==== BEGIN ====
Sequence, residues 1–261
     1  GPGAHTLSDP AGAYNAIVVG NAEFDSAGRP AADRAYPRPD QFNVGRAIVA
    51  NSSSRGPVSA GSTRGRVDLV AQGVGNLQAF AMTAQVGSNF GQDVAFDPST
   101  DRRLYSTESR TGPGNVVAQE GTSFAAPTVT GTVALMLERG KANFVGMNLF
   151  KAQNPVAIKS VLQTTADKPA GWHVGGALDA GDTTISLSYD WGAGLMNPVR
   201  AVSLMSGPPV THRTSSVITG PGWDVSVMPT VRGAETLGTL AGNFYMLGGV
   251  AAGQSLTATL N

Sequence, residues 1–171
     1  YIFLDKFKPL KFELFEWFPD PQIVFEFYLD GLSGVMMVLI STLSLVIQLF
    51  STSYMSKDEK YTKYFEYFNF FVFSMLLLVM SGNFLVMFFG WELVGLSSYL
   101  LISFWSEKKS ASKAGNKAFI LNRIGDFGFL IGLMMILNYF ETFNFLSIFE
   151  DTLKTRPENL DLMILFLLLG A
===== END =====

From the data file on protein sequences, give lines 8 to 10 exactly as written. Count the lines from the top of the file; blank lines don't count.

Sequence, residues 1–171
     1  YIFLDKFKPL KFELFEWFPD PQIVFEFYLD GLSGVMMVLI STLSLVIQLF
    51  STSYMSKDEK YTKYFEYFNF FVFSMLLLVM SGNFLVMFFG WELVGLSSYL